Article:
The main message of microstock sites is: “Why would you let your photos pick the dust on your harddisk? Put them out for sale and earn money.” When that would be the main reason for an amateur photographer to engage in microstock photography, disappointment will not be far away. Yes, you can earn some money with microstock. But the average wages per hour are extremely low and it takes ages to build a reasonable portfolio (and by reasonable I mean over 1000 pictures). And effort. An amateur photographer likes taking good photographs and expressing his/hers creativity in the images. Engaging in microstock means, however, extra work. Keywording the work is essential and especially in the beginning time consuming. Then you have to go through all kinds of review processes to get accepted by the stock agencies. And of course, upload the work can also take some time.
So my conclusion is: let money not drive the engagement with microstock (at least not in short or medium turn). But why then would one want to engage? Speaking for myself, with only three months experience with microstock, there is one reason that I really find appealing: the whole process of submitting images to microstock has raised the quality of my photowork. I think I had quite a bunch of nice images, but many did not turn to be good enough for microstock. Artifacts, wrong sharpening, this kind of things that you often don’t even see in first instance. The main trick of microstock reviewers, however, seems to be looking to your images with a 100% crop. That reveals artifacts..... But microstock also initiates a learning curve. Because I had kept all my original images as RAW-files, a simple review fo my library did the trick of upgrading the quality where needed.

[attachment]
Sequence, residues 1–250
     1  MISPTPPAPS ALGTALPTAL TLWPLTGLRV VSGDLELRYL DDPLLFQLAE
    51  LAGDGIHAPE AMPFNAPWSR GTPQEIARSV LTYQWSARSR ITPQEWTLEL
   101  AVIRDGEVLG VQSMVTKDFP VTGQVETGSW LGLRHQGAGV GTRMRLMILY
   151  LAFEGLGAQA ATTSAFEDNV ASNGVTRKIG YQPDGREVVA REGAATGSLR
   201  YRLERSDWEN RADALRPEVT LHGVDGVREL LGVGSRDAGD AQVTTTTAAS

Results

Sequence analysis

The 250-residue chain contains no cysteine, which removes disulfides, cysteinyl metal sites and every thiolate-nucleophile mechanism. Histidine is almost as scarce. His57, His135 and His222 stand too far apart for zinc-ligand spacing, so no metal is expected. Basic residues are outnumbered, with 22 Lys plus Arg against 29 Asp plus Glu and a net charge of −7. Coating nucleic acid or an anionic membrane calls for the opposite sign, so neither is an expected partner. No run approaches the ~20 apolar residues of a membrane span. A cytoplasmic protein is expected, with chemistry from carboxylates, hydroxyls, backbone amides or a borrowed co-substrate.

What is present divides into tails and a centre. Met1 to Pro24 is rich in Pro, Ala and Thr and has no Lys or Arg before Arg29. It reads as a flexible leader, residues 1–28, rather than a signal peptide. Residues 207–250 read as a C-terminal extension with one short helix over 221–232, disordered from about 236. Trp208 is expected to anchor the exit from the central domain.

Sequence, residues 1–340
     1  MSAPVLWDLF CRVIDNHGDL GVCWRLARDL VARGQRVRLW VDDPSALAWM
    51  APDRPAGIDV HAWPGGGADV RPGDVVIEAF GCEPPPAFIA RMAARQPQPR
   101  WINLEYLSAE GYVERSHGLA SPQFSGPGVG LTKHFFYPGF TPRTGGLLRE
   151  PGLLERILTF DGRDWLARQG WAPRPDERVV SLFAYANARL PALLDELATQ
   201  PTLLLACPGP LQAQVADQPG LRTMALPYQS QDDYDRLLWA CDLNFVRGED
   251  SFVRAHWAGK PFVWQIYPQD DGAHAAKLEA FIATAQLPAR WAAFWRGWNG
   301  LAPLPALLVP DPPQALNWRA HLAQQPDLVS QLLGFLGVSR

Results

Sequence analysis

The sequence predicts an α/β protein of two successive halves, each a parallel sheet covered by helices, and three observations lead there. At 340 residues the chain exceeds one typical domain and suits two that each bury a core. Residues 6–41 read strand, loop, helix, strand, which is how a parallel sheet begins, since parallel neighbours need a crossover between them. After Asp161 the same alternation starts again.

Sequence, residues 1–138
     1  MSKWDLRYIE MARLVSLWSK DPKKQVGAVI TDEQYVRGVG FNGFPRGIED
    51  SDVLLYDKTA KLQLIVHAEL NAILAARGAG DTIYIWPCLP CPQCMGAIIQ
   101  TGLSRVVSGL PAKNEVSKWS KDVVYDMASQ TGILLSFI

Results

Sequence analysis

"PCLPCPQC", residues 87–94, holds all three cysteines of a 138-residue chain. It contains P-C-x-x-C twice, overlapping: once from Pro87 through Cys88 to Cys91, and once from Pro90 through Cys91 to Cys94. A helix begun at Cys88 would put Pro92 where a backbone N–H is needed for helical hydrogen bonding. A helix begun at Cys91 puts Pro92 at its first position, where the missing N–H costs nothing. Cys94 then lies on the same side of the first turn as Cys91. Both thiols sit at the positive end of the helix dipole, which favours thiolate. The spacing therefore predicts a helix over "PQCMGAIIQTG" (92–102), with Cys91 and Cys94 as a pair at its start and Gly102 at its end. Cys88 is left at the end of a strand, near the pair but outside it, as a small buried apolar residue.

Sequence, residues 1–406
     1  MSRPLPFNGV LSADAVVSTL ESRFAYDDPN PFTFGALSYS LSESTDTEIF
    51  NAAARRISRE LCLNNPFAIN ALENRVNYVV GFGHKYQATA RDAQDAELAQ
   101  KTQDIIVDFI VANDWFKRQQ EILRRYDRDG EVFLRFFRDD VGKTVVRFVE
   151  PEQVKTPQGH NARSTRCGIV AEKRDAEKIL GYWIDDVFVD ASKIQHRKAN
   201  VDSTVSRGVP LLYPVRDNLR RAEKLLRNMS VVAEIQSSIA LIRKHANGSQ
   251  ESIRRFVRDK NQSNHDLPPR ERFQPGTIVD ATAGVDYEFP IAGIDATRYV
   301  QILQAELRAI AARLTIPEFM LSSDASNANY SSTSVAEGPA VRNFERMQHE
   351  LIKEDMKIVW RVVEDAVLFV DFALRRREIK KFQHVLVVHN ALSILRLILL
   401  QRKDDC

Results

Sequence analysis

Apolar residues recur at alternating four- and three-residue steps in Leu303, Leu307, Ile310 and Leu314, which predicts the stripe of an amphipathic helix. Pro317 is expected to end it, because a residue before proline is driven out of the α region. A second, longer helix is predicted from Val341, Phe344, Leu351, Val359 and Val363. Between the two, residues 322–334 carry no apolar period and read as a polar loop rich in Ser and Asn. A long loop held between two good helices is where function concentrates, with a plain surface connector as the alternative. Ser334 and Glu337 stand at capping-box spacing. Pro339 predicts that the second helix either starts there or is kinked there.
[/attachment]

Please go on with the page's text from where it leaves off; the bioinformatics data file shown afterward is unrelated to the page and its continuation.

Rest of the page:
So now I am building up a portfolio, now almost adding up to 200 pictures. Not much, but you have to start somewhere. I really enjoy my images being sold, and am constantly wondering how on earth they can be found within the huge digital mountain of millions of high quality photos (-:).
Honestly, shooting stock is not the same as shooting other photography. You have different interests in mind when shooting stock. Often a good stock image is also a good photograph (landscape, wildlife, portrait, macro etc.) but not always. Also keep in mind when a reviewer rejects a photo they will not give you personal feedback. They pick from a pre-set selection of "reasons", sending the one that most closely matches the actual reason. You will get something like: "Distorted pixels due to poor sensor performance, image was interpolated, poorly scanned, upsampled, oversharpened or JPG was not saved at the highest quality." Well, which one is it? It's hard to learn when you get a canned response selected from a list of possible reasons. With over 50000 images waiting to be reviewed at any given time, personal feedback is impossible so don't expect to learn too much from rejection. If you are just an amateur looking to cash in on photos lying around, you shouldn't expect a windfall but...(More)
It is an interesting question. I find that the submittal process can greatly improve your technical ability - but that doesn't necessarily translate into much better images for personal use. It can even be counterproductive if you start focusing on sharpness, CA and noise too much! I would say that I spend about 5-10 hours a month on stock (not counting stuff like reading blogs that I do anyway) - after about a year of uploading regularly (75/mo) that meant about $20/hour for my time. I think you need to decide if you want this to be a revenue stream or a learning experience. If the former than you need to be prepared to work at it regularly, and do some stuff that starts to feel like 'work'. Make sure you are having fun with it though! One valid point is that it was that much easier in 2008 to get started than it is now. Standards are higher and the database is millions of images bigger... Still, there is no question that the thrill of having an image selected among millions is...(More)
This article has been read 1210 times. Photo credits: Rob Van Esch.
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